My mind was no longer preoccupied with the billions of details that my brain routinely used to define and conduct my life in the external world …. Those little voices, that brain chatter that customarily kept me abreast of myself in relation to the world outside of me, were delightfully silent. And in their absence, my memories of the past and my dreams of the future evaporated…. I was aware that I could no longer clearly discern where I began and where I ended. I sensed the composition of my being as that of a fluid rather than that of a solid. I no longer perceived myself as a whole object separate from everything. Instead, I now blended with the space and flow around me.

My friend Kathleen would call Jill’s stroke … Grace. And I like to think that’s very likely how she experienced her own dying as well.

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I published my very first WordPress blog on October 27, 2007. The title was: “The Brain Change Business.” I essentially made the argument that since everything we learn in life involves changes to our brain, we might be well-served to meta-learn a little bit about how that organ actually works. I’ve changed my own brain and learned a lot in the ensuing 10 years. Since that first Sunday, I’ve managed to put out a new effort every single week to date. Except for a few times when friends approached me with great ideas and offered to write – photodune-5195365-serenity-xs.jpgJeanne Denney wrote on Circumcision and The Ritual Tribal Abandonment of Mothers, and a good male psychotherapist friend wrote on The Dark Side of Highly Sensitive People under the female pen name Sally Mynew- skin – I have researched, written, edited and illustrated every single Sunday offering. I never dreamed when I started that ten years later I would still be keeping that weekly writing commitment.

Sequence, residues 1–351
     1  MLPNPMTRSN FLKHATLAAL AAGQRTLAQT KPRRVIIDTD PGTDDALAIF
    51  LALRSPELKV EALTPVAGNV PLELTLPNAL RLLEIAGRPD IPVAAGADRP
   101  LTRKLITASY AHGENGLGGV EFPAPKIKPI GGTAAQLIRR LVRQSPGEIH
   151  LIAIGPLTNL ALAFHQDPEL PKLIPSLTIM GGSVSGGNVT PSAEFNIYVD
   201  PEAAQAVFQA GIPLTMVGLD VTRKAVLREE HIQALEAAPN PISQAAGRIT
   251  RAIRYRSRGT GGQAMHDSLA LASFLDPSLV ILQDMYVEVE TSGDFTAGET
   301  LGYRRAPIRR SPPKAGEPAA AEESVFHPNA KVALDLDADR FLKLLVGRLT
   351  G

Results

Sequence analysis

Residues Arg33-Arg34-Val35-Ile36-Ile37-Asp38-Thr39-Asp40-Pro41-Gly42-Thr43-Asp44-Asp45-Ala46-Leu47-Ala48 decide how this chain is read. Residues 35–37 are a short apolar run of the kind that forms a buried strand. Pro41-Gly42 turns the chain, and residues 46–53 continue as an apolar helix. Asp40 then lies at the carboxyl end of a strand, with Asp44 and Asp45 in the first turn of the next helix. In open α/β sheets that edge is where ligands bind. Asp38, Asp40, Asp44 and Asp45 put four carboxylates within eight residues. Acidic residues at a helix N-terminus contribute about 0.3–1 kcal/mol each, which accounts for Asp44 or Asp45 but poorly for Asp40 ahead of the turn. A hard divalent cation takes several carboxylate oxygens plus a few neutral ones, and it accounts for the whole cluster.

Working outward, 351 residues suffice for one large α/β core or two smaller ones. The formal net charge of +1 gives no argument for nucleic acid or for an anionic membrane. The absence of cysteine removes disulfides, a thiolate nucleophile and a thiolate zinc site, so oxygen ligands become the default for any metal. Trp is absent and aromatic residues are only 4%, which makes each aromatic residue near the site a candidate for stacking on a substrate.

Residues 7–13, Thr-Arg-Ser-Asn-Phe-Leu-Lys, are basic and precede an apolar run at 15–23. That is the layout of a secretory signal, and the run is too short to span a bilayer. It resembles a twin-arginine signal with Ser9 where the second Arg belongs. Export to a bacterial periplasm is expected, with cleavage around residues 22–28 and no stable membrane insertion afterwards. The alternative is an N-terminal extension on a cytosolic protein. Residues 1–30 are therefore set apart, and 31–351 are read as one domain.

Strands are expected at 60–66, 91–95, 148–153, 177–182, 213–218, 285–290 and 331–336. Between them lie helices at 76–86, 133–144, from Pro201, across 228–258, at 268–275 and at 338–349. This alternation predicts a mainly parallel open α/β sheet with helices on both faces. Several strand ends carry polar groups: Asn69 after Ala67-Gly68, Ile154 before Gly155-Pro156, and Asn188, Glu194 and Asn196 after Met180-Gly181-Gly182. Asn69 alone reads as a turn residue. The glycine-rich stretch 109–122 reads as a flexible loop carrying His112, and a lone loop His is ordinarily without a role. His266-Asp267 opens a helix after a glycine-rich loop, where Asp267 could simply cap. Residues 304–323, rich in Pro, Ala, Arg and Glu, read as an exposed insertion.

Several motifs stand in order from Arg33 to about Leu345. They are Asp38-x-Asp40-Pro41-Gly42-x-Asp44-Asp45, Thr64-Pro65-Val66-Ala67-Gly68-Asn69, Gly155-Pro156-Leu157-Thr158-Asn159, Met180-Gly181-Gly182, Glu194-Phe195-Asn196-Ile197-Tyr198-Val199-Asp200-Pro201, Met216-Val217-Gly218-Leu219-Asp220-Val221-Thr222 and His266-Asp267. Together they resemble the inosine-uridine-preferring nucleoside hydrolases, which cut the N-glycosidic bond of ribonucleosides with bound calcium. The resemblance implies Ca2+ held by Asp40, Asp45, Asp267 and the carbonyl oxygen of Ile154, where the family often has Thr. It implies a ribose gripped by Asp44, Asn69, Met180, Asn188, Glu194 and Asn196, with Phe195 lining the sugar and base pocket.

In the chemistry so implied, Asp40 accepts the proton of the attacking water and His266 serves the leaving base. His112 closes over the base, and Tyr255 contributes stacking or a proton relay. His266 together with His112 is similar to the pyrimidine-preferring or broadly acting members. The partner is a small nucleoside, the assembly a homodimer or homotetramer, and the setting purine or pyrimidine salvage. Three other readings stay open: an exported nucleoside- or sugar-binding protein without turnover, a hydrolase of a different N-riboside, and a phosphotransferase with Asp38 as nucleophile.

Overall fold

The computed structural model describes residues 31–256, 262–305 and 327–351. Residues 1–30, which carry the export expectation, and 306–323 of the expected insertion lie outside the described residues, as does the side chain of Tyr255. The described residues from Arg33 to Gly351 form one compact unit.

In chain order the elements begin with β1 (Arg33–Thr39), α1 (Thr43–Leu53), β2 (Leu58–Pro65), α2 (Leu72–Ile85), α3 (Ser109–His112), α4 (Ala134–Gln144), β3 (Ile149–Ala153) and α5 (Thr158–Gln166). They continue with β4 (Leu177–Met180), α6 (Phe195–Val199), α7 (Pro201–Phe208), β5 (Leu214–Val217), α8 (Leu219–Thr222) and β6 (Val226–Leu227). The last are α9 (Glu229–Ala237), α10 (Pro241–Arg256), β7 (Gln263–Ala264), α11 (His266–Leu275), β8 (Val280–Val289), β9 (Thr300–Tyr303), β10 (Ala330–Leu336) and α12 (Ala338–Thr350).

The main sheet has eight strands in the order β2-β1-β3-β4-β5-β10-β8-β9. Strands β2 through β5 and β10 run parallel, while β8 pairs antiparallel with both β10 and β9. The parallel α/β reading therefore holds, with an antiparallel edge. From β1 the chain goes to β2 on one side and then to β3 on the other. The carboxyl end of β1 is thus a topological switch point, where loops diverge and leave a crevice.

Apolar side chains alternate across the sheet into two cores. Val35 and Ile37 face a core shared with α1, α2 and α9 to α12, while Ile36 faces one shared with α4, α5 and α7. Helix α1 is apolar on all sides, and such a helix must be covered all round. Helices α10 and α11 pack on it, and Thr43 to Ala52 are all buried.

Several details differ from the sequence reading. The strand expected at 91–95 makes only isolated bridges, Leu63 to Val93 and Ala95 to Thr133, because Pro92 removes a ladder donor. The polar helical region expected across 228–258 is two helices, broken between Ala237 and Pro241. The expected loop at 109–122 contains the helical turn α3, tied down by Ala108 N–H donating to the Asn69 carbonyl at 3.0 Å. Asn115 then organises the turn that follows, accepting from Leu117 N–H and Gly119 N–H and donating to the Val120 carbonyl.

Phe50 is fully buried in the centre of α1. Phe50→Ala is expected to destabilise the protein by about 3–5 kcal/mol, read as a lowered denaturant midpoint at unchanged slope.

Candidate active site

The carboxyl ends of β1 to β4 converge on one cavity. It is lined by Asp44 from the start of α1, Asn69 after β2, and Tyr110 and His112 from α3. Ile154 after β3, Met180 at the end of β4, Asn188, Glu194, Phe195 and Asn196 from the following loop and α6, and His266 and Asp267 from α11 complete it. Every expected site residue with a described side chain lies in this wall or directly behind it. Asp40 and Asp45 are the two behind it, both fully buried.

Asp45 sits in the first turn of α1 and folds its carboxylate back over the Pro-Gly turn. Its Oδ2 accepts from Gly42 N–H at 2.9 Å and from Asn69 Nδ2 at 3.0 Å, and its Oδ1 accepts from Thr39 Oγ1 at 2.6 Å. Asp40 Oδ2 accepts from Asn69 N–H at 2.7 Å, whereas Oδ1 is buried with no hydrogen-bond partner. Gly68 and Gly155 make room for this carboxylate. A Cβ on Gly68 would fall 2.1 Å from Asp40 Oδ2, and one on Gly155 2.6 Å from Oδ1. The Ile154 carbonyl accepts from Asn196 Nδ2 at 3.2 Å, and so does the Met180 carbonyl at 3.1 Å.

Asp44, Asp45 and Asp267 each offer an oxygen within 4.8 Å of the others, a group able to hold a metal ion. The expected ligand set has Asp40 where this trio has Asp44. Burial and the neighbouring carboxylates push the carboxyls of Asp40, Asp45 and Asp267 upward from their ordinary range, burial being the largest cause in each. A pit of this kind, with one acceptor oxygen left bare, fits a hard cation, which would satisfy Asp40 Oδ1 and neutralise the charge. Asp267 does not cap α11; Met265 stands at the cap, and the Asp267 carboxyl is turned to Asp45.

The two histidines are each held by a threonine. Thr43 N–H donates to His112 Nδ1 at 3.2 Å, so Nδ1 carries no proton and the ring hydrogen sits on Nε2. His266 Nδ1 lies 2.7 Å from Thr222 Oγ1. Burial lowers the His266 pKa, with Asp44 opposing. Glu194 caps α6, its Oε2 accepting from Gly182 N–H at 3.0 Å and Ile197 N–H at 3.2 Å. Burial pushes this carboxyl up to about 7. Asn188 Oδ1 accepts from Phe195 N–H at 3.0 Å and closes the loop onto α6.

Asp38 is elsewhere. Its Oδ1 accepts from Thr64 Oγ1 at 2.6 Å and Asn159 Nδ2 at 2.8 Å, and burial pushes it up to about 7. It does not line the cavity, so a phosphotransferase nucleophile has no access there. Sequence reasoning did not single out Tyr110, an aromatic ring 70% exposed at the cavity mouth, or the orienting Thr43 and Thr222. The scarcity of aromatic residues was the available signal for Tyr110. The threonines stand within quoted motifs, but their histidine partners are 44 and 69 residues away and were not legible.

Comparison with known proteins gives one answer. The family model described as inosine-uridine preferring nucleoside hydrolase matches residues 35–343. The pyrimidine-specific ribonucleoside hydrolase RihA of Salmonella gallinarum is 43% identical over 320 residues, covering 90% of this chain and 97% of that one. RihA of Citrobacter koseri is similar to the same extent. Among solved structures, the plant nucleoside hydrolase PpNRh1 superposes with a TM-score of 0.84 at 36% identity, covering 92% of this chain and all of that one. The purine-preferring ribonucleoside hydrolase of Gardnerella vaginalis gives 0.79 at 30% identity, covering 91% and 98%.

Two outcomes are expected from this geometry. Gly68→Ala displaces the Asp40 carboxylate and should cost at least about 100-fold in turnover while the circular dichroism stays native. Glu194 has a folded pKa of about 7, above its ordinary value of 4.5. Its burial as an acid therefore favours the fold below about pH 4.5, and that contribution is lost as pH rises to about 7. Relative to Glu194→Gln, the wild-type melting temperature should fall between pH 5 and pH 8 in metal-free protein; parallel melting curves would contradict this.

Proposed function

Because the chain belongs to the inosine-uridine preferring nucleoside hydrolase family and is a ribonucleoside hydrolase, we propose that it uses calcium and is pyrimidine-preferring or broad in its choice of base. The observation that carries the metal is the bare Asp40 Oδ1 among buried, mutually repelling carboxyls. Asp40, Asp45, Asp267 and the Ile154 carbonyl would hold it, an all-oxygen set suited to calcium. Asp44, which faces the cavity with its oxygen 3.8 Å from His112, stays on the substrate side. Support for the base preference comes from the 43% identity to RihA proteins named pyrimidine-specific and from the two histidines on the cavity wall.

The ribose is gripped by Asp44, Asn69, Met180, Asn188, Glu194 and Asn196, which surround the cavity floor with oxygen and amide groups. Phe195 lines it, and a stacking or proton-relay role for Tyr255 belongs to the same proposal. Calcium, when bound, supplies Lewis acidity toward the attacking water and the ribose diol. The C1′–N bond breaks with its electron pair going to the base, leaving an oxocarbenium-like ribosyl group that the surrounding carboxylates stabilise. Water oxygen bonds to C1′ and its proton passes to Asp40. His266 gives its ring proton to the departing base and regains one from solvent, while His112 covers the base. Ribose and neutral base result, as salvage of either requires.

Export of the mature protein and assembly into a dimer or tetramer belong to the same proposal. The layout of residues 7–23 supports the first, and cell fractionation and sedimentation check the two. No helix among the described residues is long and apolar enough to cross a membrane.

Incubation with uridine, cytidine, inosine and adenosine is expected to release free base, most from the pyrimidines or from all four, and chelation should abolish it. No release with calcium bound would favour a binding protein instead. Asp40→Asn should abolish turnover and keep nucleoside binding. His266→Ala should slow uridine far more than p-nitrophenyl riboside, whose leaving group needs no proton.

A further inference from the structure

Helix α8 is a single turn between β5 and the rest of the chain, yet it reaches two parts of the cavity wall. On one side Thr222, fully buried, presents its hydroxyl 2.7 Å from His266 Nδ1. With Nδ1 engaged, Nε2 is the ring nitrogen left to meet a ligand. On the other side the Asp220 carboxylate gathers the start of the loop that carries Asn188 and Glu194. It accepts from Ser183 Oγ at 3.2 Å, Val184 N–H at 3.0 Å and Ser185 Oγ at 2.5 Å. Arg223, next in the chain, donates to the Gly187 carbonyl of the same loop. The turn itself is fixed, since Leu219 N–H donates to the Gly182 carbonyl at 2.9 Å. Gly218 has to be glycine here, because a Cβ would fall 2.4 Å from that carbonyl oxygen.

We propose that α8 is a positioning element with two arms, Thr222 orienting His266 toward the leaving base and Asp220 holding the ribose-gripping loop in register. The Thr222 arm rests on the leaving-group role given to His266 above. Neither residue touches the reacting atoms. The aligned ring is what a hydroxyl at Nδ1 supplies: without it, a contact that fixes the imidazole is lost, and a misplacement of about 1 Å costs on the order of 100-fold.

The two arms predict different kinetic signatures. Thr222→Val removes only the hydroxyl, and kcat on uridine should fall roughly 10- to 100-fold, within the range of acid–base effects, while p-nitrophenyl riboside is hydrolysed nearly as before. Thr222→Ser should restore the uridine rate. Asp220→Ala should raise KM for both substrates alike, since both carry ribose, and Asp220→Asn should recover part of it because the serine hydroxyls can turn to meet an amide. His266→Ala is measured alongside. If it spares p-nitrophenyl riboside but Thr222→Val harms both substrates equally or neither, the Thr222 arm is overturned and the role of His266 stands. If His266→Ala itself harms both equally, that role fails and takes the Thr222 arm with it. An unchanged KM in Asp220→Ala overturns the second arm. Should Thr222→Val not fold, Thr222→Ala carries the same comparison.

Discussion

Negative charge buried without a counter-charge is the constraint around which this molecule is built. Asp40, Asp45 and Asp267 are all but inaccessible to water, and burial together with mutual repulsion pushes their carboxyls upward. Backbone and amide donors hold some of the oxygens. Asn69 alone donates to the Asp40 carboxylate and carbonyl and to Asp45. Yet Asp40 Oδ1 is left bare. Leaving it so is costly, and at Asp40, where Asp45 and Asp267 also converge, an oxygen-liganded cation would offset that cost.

The Components of Commitment

Here are a few things I can tell you about what it’s taken to keep that 10 year string going:

1. Engaged readers. Having people out in the world receiving and responding positively (for the most part) to the things I’ve researched and written about every week has been a prime motivator for the duration. Contingent communication makes the world go around and the public and private responses I’ve received week after week have been great fruit for the creative juicer.